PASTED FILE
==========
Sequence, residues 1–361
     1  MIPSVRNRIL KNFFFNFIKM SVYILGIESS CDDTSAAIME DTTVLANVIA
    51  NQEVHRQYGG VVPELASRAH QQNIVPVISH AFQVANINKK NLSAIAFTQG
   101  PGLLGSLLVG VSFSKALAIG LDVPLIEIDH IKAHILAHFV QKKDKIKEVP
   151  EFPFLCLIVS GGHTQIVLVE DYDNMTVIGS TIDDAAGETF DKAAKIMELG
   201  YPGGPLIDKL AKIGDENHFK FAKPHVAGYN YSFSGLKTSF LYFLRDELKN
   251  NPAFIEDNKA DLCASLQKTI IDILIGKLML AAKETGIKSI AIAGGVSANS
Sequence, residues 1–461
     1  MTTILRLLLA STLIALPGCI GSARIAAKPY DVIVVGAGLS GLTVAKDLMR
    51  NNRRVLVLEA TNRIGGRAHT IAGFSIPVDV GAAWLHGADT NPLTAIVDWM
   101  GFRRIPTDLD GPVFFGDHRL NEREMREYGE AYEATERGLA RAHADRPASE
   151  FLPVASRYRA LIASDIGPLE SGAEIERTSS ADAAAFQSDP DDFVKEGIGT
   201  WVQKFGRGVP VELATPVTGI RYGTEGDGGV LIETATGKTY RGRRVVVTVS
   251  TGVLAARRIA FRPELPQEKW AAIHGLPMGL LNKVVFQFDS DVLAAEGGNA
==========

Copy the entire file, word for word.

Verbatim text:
Sequence, residues 1–361
     1  MIPSVRNRIL KNFFFNFIKM SVYILGIESS CDDTSAAIME DTTVLANVIA
    51  NQEVHRQYGG VVPELASRAH QQNIVPVISH AFQVANINKK NLSAIAFTQG
   101  PGLLGSLLVG VSFSKALAIG LDVPLIEIDH IKAHILAHFV QKKDKIKEVP
   151  EFPFLCLIVS GGHTQIVLVE DYDNMTVIGS TIDDAAGETF DKAAKIMELG
   201  YPGGPLIDKL AKIGDENHFK FAKPHVAGYN YSFSGLKTSF LYFLRDELKN
   251  NPAFIEDNKA DLCASLQKTI IDILIGKLML AAKETGIKSI AIAGGVSANS
Sequence, residues 1–461
     1  MTTILRLLLA STLIALPGCI GSARIAAKPY DVIVVGAGLS GLTVAKDLMR
    51  NNRRVLVLEA TNRIGGRAHT IAGFSIPVDV GAAWLHGADT NPLTAIVDWM
   101  GFRRIPTDLD GPVFFGDHRL NEREMREYGE AYEATERGLA RAHADRPASE
   151  FLPVASRYRA LIASDIGPLE SGAEIERTSS ADAAAFQSDP DDFVKEGIGT
   201  WVQKFGRGVP VELATPVTGI RYGTEGDGGV LIETATGKTY RGRRVVVTVS
   251  TGVLAARRIA FRPELPQEKW AAIHGLPMGL LNKVVFQFDS DVLAAEGGNA